Once it deployed this new system, Crest Foods began to see immediate results, including the ability to pinpoint and prosecute credit card and check fraud – a huge source of loss for retailers everywhere. Previously, if fraud was committed, at best the grocer might come up only with an idea of when the crime was committed, based on cash register logs. Now it can take those logs and use the cameras to pinpoint who was checking out at that time and get a clear image of the person’s face to pass along to law enforcement. Beyond that, these cameras allow Crest Foods to track a perpetrator out of the store, and then use parking lot cameras to capture the license plate of the car that they enter, making apprehension that much easier.

Additionally, using cameras, the store’s warehouse management has been able to pinpoint unsafe working habits and environments, and immediately get to the bottom of the issue. The ability to see who’s involved in an incident enables discussions and training to happen right away, ultimately making everyone safer, even if it’s something as small as seeing where ice melt needs to go or scheduling an additional forklift training.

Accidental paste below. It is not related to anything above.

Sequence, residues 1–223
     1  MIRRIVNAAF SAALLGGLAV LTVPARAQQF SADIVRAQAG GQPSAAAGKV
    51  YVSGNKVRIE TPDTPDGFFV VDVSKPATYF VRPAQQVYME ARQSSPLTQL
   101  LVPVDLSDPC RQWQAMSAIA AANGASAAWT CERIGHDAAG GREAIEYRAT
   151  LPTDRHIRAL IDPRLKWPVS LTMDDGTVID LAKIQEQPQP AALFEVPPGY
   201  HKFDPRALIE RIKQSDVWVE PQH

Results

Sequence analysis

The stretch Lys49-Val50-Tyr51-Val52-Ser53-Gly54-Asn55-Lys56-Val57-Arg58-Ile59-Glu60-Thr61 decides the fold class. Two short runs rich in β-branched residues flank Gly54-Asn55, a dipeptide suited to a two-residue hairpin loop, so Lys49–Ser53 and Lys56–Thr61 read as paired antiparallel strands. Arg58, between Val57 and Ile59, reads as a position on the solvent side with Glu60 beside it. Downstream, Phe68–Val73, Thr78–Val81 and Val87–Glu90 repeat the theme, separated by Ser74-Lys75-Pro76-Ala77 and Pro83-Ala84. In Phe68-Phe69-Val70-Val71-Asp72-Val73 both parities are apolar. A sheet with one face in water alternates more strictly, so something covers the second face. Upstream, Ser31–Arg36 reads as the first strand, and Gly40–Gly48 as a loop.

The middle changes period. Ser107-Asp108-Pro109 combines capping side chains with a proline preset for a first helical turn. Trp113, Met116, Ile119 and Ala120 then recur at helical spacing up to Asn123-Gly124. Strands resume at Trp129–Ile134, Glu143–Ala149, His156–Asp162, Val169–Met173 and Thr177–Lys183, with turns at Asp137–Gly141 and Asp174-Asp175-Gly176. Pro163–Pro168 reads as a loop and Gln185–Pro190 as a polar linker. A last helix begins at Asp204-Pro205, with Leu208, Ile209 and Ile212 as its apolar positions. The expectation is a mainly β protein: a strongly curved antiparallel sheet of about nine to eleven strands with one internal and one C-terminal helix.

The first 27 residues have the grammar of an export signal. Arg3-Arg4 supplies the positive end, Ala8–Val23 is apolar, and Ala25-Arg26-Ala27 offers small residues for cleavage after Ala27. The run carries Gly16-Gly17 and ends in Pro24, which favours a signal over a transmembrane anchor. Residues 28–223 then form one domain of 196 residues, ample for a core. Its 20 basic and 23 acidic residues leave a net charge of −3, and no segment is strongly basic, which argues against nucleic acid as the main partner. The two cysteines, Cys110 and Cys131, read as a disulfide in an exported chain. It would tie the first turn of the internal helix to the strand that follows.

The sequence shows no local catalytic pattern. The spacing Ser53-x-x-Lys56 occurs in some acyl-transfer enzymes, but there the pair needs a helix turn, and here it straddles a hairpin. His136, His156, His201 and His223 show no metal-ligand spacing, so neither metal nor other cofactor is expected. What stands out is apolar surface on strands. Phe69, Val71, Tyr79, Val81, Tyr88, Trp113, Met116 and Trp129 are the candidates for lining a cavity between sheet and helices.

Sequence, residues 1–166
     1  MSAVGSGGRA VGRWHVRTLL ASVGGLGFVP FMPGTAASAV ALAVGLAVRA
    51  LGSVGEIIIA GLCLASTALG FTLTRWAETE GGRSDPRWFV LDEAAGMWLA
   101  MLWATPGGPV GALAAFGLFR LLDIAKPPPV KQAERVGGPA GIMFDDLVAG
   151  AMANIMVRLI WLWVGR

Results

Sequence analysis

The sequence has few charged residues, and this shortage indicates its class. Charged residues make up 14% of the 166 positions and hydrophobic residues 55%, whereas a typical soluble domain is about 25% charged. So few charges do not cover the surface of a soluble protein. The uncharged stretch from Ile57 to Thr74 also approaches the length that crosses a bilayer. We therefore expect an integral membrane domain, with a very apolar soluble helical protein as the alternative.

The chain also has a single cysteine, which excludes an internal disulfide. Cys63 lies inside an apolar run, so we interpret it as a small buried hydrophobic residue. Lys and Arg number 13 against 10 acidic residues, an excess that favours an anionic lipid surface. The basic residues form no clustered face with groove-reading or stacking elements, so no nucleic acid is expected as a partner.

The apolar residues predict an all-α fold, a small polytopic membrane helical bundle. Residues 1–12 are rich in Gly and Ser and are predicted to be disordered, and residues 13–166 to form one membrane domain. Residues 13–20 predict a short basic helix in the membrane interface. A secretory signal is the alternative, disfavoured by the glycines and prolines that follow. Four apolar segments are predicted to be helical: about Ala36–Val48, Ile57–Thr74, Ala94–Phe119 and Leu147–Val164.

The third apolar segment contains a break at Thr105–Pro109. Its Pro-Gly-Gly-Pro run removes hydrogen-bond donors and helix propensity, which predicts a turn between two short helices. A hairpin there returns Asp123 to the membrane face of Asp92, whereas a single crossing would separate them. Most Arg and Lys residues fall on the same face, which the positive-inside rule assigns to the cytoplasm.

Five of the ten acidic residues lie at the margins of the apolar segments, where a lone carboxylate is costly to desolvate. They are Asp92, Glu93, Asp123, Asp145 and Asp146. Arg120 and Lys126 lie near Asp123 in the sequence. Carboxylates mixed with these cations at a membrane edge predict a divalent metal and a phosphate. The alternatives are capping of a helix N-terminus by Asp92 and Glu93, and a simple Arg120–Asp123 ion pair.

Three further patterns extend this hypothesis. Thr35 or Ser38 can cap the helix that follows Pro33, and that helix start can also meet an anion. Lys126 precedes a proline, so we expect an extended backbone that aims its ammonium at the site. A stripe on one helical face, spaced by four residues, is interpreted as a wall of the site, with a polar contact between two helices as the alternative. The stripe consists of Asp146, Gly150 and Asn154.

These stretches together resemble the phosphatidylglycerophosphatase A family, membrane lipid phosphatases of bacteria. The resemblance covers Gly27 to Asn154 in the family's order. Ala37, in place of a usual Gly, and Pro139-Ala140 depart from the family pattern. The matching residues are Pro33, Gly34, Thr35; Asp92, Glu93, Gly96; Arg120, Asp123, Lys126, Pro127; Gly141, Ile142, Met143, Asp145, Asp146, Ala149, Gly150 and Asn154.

Finally, with strategically placed cameras, Crest Foods has even been able to solve the “grazing” problem of customers taking advantage of produce displays. Though a grape or an apple here or there may sound like something small, across 10 grocery store locations, those grapes add up. With an upgraded camera system, Crest Foods has been able to save its grapes and keep prices low for the customers that it considers family.

About the Author

James Stark

James Stark is retail segment development manager at Axis Communications, a Swedish manufacturer of network cameras, access control, and network audio devices for the physical security and video surveillance industries. A loss prevention executive leader with dynamic experience spearheading cross-functional initiatives by leveraging business data analytics, strategic planning, and specialized systems and tools to optimize security measures, risk management and customer experience, Stark is a subject-matter expert establishing alignment with key stakeholders to transform loss prevention cultures.